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ISU Oboler Library acquires author Annie Pike Greenwood Collection that will be focus of PBS documentary

December, 19, 2017

POCATELLO – The Annie Greenwood Pike Collection of her writings, which was acquired by the Idaho State University Oboler Library Special Collections and Archives in June, will be the focus of a PBS documentary.

ISU Oboler Library acquires author Annie Pike Greenwood Collection that will be focus of PBS documentary

PBS filmmakers will be on the ISU campus on Dec. 20 interviewing Ellen Ryan, head of the library’s Special Collections and Archives, and Greenwood’s grandson, H. Kinglsey Thurber III, who will be on campus and who is donating additional materials to the collection.

“We are excited to assist with the PBS documentary on Annie Pike Greenwood,” Ryan said. “This collection is a significant addition to our other literary collections.”

Greenwood was, among other things, an early 20th-century western writer. Her novel, “We Sagebrush Folks,” was first published in 1934. It was republished in 1988 with a foreword by Jo Ann Ruckman, emeritus ISU faculty in the Department of History; and again in 2003 with an introduction by Susan H. Swetnam, emeritus ISU faculty in the Department of English. The book is a memoir of Annie and her husband's move to southern Idaho and their farming life. Her collection includes, in part, her original manuscript for “We Sagebrush Folks,” published and unpublished poetry, prose, manuscripts, correspondence, photographs and family history.

This collection is significant in regards to its scholarly research value for those focusing on 20th-century women writers in the Intermountain West. It is also significant for those researching what life was like in the region during the early part of the 20th century, particularly farming, since that is why she and her husband moved to Idaho.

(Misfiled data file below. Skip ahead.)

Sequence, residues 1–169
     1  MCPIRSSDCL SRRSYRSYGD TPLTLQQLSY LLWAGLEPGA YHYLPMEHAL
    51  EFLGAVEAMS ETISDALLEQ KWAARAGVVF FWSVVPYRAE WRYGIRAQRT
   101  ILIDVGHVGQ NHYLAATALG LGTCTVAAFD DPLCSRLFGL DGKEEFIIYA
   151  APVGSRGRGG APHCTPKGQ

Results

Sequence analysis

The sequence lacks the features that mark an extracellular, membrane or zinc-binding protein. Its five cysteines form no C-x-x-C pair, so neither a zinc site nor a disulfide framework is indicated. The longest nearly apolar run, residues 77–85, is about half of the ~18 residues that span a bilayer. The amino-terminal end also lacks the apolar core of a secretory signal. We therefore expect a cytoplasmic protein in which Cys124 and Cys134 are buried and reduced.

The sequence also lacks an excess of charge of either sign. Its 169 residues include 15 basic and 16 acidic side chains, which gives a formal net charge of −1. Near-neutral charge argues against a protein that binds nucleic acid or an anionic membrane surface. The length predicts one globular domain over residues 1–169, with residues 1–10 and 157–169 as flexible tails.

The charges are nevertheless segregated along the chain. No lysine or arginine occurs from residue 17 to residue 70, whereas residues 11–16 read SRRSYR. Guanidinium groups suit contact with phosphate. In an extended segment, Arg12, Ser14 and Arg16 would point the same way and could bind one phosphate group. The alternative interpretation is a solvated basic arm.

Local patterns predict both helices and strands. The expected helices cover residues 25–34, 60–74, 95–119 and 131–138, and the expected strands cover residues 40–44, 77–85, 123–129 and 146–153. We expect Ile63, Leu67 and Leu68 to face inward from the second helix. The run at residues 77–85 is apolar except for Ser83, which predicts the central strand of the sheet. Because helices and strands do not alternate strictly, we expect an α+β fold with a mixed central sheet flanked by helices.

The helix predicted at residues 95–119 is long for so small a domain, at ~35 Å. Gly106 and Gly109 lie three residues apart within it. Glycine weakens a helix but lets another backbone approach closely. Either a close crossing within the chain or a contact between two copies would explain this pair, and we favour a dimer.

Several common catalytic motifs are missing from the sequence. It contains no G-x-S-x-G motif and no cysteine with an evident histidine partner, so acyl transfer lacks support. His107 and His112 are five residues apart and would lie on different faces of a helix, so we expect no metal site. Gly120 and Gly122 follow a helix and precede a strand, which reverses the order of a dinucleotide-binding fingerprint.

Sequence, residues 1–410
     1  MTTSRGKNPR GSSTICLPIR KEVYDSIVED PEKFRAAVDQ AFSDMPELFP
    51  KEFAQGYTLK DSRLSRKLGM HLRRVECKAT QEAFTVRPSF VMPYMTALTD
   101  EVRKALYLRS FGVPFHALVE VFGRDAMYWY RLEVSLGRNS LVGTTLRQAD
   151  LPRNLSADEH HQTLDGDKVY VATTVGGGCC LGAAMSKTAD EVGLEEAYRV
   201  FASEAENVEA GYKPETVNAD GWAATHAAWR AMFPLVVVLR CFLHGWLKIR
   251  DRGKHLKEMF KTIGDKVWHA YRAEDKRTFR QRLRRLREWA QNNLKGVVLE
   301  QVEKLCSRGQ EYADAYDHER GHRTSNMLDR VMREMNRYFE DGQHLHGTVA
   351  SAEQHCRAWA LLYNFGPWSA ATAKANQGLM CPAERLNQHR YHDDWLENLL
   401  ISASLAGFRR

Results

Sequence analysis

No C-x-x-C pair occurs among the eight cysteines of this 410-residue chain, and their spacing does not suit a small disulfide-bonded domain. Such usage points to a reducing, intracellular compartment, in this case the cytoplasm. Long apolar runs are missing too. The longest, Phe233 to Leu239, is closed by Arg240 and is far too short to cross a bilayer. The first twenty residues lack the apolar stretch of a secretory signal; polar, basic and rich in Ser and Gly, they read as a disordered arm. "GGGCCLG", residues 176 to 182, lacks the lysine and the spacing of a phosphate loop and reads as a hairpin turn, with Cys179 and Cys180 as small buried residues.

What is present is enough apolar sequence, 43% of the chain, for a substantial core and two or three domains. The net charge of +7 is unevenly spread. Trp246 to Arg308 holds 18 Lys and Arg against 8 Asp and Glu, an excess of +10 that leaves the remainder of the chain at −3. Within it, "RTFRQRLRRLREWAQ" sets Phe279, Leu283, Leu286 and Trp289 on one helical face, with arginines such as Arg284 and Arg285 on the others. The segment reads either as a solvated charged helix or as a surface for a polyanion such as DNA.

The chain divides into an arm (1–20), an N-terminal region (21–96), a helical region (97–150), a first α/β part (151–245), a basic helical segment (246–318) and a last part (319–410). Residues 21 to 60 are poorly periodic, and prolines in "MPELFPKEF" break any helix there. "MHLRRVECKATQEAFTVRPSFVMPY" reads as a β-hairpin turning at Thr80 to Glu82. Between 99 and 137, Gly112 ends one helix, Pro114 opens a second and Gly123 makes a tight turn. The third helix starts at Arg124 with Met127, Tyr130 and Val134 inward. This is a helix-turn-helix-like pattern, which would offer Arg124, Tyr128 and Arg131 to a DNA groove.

Greenwood was born in Provo, Utah in 1879 and was a graduate of the Brigham Young Academy in Provo.  While there, she wrote the lyrics to school’s song, and then attended the University of Utah and the University of Michigan.

Prior to living in Idaho, Greenwood taught school and worked for the Salt Lake Tribune as a reporter, and for a Los Angeles paper. She met her husband, Charles O. Greenwood, in Salt Lake City. They married in Los Angeles in 1905 and settled in Idaho in what was known as the Minidoka tract, which was part of the Twin Falls irrigation project that was part of the Carey Act project. It was her life there that inspired her to write “We Sagebrush Folks.” The donation came from her family and the library began processing the collection in late summer.

“We will begin processing the addition to the collection shortly after the holiday break,” Ryan said. “The collection will be open to researchers by the end of February.”

 

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